I didn’t try to mark up (“dot”) too many tasks at once. The fewer the dots the more flexible the list.

I didn’t confine myself to what was on the Productive Day list. I actually did quite a lot of other tasks as well. I also exceeded my target amount for several tasks which were part of the Productive Day.

Sunday
Jun072015

The Productive Day Challenge

What I am going to do is define what I would need to have done in order to consider tomorrow (Monday) to be a productive day. I will be using FVP as my time management system.

I am going to use my list as it is - which has most of the tasks on it already. I’m not going to cheat by moving them all to the end of the list.

I’ll report back on how many of the tasks I succeed in doing.

So here goes - I would consider tomorrow to be a productive day if:

I have zero inbox at the end of the day in


Email
Paper
Evernote Inbox
Doing the dishes


I have walked at least four miles [5.17 miles]
I have done 100 press ups
I have done The Plank exercise for at least 90 seconds [110 seconds - ai yai yai!]
I have sold our unused car for scrap [got £60!]
I have, as Press Officer, edited the photos for yesterday’s Croquet Tournament, Friday’s Golf Tournament and last week’s Golf Club Dinner.
I have done at least one day’s Glossika French lesson [2 days’ Lessons]
I have listened to at least one chapter of Genesis and St Matthew’s Gospel in the original languages [2 chapters Genesis, 1 Exodus, 2 St Matthew]
I have sorted out my regular donation to the Bursary Fund
I have invited L to take part in September’s Charity walk
I have checked whether R has decided to take part in the walk.
I have emailed an update to those who have already agreed to take part in the above Charity Walk
I have said the Joyful Mysteries of the Rosary
I have telephoned my dentist re work needed
I have read at least something in the Qu’ran and the Hadith
I have notified my bank about my forthcoming trip
I’ve written a second draft of my paper for the Finance Committee about Running a Legacy Campaign
I sorted out a new contract for my smart phone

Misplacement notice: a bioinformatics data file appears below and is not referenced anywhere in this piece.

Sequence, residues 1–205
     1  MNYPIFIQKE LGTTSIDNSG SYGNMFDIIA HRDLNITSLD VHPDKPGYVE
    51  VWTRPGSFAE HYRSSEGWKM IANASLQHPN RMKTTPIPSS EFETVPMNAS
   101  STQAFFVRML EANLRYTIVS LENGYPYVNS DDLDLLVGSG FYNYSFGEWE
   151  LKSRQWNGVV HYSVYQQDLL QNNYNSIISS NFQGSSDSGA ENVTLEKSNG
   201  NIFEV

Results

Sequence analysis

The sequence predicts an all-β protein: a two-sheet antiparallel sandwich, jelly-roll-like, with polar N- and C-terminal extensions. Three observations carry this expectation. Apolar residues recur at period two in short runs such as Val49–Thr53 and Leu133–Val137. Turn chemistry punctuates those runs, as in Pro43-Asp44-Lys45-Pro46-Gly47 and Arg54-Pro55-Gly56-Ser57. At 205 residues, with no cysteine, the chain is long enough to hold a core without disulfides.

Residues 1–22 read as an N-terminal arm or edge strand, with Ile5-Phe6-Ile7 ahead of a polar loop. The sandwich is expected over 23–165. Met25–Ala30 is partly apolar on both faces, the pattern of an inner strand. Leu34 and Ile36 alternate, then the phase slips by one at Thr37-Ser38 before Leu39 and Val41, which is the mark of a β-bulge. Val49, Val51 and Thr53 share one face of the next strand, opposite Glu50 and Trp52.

I’ve sent details of my expenses to my financial adviser
I have revised my plan as Press Officer
I have revised my plan for publicity for my new book

And I nearly forgot…
I have kept up to date with the comments on my website [17 replies written today]

Sunday
Jun072015

A Few More FVP Stats

Here are a few more stats in addition to my last post.

After one week of FVP ending on Saturday evening:

Saturday: 95 tasks entered, 44 remaining

Friday: 93 tasks entered, 13 remaining

Thursday: 74 tasks entered, 5 remaining

Sunday-Wednesday: 341 tasks entered, 10 remaining.

Saturday
Jun062015

FVP Statistics Updated

After one week using the FVP method, how have I done?

Total number of tasks entered: 603

Total number of tasks completed: 531

Total number of tasks remaining: 72

The first 149 tasks have all been actioned.

Work done yesterday (Friday):

No. of tasks entered during day: 91

No. of those tasks actioned during day: 52

No. of those tasks unactioned at close of day: 39

No. of tasks actioned from previous days: 37

Total tasks actioned during day: 89

Note that the number of tasks currently remaining on the list (72) is less than the number of tasks I succeeded in doing yesterday (89).

Friday
Jun052015

FVP Statistics

I started my present FVP list during the evening of 30 May, a bit short of a week ago. So I thought it would be a good idea to show how my list has developed - particularly in view of some concerns which have been voiced about whether difficult tasks would ever get done using the algorithm.

I’ve used the same algorithm all the time I’ve been working this list. I have however varied the question. I started with “What is more exciting than x?” and then changed it to a questionless sort in which tasks were dotted according to whether they “stood out” or not. Currently I think this questionless sort is superior to using a question.

Anyway, here are the statistics:

Total number of tasks entered: 441

Total number of tasks completed: 376

Total number of tasks remaining: 65

I am using a notebook with 31 lines to the page. The pages are not relevant to the sort, but the distribution of unactioned tasks may be of interest.

Number of tasks remaining per page (with cumulative total):

Page 1        0         0

Page 2        0         0

Page 3        0         0

Page 4        3         3

Page 5        3         6

Page 6        2         8

Page 7        5       13

Page 8        4       17

Page 9        4       21

Page 10      2       23

Page 11      2       25

Page 12    10       35

Page 13      9       44

Page 14     15      59

Page 15      6       65

 

A couple of things to note about this: